Only, on the day of the annual marches marking the 38th anniversary of Roe v. Wade, I want to ask my pro-choice friends whether opposing all regulation is in fact in the best interest of the women I know you care about. Wherever you stand on this issue – and I am a liberal Catholic who is not pro-choice – we agree that what Gosnell is accused of doing exceeds all bounds of decency. But without regulation and enforcement, how can we be sure there aren't other Gosnells out there?
Other kinds of free-standing ambulatory clinics are inspected periodically by state health departments, but abortion clinics are not, says Mary Spaulding Balch, of National Right to Life, who tracks legislation and regulations in all 50 states. And, again quoting from the grand jury report, here is what the lack of enforcement of regulations already on the books looks like:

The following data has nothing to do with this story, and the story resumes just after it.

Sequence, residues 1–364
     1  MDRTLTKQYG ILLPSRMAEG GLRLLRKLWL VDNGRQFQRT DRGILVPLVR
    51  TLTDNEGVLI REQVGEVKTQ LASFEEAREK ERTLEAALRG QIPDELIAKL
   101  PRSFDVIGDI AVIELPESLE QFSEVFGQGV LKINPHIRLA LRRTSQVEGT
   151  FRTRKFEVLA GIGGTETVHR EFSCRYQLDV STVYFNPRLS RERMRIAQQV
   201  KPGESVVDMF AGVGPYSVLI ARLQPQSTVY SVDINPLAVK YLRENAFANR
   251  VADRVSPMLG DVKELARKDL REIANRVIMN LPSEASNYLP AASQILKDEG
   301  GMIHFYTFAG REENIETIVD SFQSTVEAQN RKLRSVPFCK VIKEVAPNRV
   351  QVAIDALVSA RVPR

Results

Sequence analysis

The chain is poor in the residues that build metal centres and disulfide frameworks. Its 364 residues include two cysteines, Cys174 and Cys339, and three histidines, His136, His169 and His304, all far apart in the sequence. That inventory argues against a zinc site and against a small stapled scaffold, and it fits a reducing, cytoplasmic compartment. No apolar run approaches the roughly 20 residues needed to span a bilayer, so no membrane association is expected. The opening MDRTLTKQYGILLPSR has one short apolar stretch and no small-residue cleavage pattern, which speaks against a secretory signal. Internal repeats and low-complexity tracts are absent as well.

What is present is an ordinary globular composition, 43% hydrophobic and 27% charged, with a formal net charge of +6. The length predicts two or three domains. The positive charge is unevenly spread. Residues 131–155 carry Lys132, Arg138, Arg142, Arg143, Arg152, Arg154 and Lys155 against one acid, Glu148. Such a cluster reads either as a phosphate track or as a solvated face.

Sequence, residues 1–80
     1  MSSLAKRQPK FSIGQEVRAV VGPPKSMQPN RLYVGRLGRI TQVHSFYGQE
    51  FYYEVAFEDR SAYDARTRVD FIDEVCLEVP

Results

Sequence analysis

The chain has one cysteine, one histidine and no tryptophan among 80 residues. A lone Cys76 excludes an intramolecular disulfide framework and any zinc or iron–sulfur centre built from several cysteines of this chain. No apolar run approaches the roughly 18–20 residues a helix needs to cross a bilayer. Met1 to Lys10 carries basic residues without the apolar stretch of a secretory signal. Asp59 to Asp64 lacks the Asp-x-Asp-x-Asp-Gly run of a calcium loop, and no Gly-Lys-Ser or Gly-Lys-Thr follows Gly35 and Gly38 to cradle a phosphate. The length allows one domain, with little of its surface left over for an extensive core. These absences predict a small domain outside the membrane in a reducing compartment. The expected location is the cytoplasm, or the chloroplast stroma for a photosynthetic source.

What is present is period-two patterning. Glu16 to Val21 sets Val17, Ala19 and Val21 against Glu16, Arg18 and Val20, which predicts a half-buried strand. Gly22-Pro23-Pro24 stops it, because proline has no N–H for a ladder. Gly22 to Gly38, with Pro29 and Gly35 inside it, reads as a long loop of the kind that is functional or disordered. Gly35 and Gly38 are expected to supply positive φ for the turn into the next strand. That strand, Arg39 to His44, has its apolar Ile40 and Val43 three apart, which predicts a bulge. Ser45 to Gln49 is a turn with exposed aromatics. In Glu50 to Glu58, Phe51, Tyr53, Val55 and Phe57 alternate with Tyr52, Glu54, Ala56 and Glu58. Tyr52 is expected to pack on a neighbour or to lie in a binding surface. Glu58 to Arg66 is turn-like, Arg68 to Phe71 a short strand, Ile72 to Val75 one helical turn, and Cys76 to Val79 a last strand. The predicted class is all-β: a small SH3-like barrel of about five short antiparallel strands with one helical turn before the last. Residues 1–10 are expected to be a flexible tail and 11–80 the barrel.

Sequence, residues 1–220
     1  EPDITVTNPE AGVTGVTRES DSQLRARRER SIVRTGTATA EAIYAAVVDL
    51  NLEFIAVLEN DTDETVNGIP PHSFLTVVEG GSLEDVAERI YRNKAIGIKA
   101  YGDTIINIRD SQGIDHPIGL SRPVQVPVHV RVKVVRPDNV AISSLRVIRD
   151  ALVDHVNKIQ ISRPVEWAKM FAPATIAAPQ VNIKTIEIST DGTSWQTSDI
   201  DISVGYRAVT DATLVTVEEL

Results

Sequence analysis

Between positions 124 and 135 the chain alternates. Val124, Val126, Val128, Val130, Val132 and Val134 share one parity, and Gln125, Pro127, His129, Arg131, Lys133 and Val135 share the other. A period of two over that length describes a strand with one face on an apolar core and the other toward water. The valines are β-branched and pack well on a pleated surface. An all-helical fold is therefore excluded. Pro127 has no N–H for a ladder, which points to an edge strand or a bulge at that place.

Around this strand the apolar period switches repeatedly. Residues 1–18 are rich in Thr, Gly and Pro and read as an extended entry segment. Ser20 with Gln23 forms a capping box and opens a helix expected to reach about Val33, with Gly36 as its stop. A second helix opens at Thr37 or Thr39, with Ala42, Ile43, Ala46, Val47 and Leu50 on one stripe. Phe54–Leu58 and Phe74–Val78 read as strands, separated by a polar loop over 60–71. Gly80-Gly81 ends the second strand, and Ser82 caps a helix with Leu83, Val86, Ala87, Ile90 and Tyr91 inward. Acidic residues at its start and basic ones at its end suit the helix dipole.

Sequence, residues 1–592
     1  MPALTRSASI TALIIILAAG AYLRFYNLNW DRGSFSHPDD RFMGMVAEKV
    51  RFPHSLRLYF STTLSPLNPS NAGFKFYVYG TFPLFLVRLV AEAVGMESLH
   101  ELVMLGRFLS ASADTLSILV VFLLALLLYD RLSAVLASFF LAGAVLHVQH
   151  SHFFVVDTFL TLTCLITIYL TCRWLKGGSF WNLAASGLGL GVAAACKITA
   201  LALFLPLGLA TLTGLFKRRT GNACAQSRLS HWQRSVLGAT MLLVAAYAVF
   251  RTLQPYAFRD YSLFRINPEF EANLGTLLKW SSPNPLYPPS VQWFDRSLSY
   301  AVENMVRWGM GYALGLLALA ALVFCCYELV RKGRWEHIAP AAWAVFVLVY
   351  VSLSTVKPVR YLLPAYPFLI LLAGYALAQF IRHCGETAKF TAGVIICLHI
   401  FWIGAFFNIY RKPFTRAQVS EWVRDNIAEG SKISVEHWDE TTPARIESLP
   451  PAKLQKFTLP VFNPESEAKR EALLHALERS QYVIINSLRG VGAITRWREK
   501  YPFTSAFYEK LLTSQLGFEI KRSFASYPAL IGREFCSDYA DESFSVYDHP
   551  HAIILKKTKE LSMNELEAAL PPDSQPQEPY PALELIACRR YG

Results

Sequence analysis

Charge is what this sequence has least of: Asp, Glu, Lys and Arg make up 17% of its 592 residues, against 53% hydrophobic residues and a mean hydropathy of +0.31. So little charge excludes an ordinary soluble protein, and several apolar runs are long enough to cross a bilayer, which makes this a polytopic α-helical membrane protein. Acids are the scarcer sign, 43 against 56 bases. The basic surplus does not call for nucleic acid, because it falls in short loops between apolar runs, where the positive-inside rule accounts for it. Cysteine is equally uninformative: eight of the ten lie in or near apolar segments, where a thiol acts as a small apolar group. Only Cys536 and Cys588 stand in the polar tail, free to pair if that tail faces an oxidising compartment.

Almost a decade ago, a former employee of Gosnell presented the Board of Medicine with a complaint that laid out the whole scope of his operation: the unclean, unsterile conditions; the unlicensed workers; the unsupervised sedation; the underage abortion patients; even the over-prescribing of pain pills with high resale value on the street. The department assigned an investigator, whose investigation consisted primarily of an offsite interview with Gosnell. The investigator never inspected the facility, questioned other employees, or reviewed any records. Department attorneys chose to accept this incomplete investigation, and dismissed the complaint as unconfirmed.